A former client is suing Carlton Fields Jorden Burt and Miami shareholders Merrick L. Gross and Jay A. Steinman for legal malpractice over a derailed $25 million land deal.
Real estate investor 276 Port L.P.’s three-count complaint alleges negligence and breach of fiduciary duty against all defendants and negligent misrepresentation against Carlton Fields and Gross. The company hired the corporate law firm to handle aspects of the acquisition, including devising a litigation strategy for removing long-term leases encumbering the property. Port claims Carlton Fields incorrectly advised it could terminate the leases — advice that ultimately led the would-be buyer to lose a $250,000 deposit when the deal couldn’t close.
The Tampa-based law firm charged $595 per hour with a $10,000 retainer for the analysis and other acquisition services, according to court documents. It denies any wrongdoing and promised to “staunchly defend” itself against the plaintiff’s attempt “to blame Carlton Fields for its own business decisions.”
The dispute stems from the investor’s plan to acquire an 8.5-acre parcel on the 17th Street Causeway opposite Port Everglades in Fort Lauderdale and minutes from Fort Lauderdale International Airport.
Port sought to purchase fee simple title in 2016 despite five ground leases with a remaining term of about 40 years on the property. The tenant was interested in selling the leases, but Port believed “certain perceived defaults” would allow it to terminate them.
“These defaults would provide Port significant leverage to acquire the leases, possibly without litigation, for significantly less than if the leases could not be terminated,” according to the lawsuit filed in Broward Circuit Court and transferred to Palm Beach Circuit Court. “The $25 million purchase price for the property was premised on the assumption that the leases were in default or would be in default at some future time and could be terminated.”
If the leases stayed in place, the $25 million price tag would have “been excessive and unjustified,” according to the complaint.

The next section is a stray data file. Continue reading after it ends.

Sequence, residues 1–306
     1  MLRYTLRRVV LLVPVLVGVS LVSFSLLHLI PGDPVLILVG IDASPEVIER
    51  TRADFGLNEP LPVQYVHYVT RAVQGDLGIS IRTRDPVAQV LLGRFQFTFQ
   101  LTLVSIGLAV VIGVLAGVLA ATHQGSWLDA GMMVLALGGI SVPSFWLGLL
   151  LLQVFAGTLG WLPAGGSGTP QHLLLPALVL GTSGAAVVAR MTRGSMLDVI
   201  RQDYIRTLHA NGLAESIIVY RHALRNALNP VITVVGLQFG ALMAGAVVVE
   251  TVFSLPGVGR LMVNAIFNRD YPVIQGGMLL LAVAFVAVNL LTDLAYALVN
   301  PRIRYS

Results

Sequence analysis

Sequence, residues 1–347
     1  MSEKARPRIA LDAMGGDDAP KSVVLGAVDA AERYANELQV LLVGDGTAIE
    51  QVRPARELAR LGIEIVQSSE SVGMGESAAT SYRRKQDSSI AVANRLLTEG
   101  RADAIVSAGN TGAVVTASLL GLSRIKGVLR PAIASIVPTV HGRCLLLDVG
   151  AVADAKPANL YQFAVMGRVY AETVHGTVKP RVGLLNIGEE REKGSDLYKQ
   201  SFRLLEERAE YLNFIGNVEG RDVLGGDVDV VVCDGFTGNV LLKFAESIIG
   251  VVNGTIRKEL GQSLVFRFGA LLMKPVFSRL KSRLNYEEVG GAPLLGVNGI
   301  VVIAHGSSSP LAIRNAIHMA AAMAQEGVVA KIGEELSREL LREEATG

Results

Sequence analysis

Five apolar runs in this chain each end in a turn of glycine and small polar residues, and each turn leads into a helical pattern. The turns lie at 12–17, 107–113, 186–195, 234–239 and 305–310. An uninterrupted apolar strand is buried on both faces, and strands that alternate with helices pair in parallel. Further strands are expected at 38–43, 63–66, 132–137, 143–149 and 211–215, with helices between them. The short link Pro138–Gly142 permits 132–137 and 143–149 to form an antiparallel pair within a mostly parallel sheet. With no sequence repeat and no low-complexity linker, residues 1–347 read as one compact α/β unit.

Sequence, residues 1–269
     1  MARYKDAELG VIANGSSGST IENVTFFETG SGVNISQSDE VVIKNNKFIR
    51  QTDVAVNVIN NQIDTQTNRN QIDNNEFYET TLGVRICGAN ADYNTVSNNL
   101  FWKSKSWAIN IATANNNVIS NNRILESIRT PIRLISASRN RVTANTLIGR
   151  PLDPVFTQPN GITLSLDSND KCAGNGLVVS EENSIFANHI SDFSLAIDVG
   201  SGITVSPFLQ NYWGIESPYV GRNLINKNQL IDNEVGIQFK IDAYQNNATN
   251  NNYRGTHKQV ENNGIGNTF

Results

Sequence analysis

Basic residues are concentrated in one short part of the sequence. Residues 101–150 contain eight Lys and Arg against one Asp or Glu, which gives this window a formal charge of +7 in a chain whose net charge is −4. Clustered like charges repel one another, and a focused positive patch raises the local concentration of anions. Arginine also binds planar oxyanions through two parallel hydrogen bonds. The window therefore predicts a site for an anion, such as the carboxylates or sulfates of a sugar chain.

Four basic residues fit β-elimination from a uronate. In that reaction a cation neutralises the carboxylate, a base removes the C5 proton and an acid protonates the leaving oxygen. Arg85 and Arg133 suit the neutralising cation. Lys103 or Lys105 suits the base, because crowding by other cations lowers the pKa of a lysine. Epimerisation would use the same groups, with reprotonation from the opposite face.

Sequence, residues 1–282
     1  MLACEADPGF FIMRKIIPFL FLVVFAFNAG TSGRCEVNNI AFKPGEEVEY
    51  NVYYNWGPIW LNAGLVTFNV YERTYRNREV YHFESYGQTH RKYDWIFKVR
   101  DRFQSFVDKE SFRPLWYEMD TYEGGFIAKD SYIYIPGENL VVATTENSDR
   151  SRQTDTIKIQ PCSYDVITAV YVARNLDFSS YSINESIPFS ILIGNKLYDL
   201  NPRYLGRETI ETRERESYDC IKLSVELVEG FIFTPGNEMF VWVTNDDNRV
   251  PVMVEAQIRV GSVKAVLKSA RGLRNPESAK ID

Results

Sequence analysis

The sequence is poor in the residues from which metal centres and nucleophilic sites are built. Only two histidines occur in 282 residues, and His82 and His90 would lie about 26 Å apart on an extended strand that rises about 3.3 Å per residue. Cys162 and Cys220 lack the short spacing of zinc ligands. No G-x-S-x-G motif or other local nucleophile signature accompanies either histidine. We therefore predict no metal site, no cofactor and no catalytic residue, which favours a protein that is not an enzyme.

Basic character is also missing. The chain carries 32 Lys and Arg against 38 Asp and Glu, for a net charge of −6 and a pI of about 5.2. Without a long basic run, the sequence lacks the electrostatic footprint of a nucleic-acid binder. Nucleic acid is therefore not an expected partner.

Port retained Carlton Fields to determine whether it could terminate the leases based on the leaseholder’s removal of a motel and other structures, failure to post surety bonds and other potential defaults.
Gross produced a six-page analysis with a strategy for creating a default notice detailing a “laundry list of violations” to “get the current tenant to the negotiation table.”
“We believe that the likelihood of prevailing on some of these claims, at least in connection with terminating the ground leases, would be greater than 50 percent,” according to Gross’ analysis included in court filings. “There is a lesser chance of collecting money damages, except for rent, because of the speculative nature of lost profits and the timing issues.”
Port said it relied on that opinion, which led it to forfeit its hefty deposit months later when the transaction tanked.
“As it turned out, Carlton Fields was wrong,” plaintiffs attorney James W. Beasley Jr. of Beasley Kramer & Galardi in West Palm Beach said. “If the opinion had been, ‘You can’t terminate the ground leases,’ my client would have gotten their deposit and gone on to do different things.”
Carlton Fields placed responsibility for the botched deal squarely on Port and asked the court to award compensatory damages, pre- and post-judgment interest, reasonable costs and other relief. The firm raised its own allegations in a breach of contract counterclaim against its former client, alleging Port failed to pay its invoices.
“Against Carlton Fields’ advice, Port publicized the litigation strategy to potential investors, which then caused problems between Port and the seller,” said defense attorney David P. Ackerman of Ackerman Link & Sartory in West Palm Beach. “The deal failed to close for this and other reasons unrelated to the firm’s work.”
The case is pending before Palm Beach Circuit Judge Jeffrey D. Gillen.
Carlton Fields’ national and international litigation teams operate from offices in Georgia, New York, California, Connecticut, Florida and Washington. With $223 million in gross revenue in 2015, the firm placed 132nd on The American Lawyer’s 2016 Am Law 200 ranking.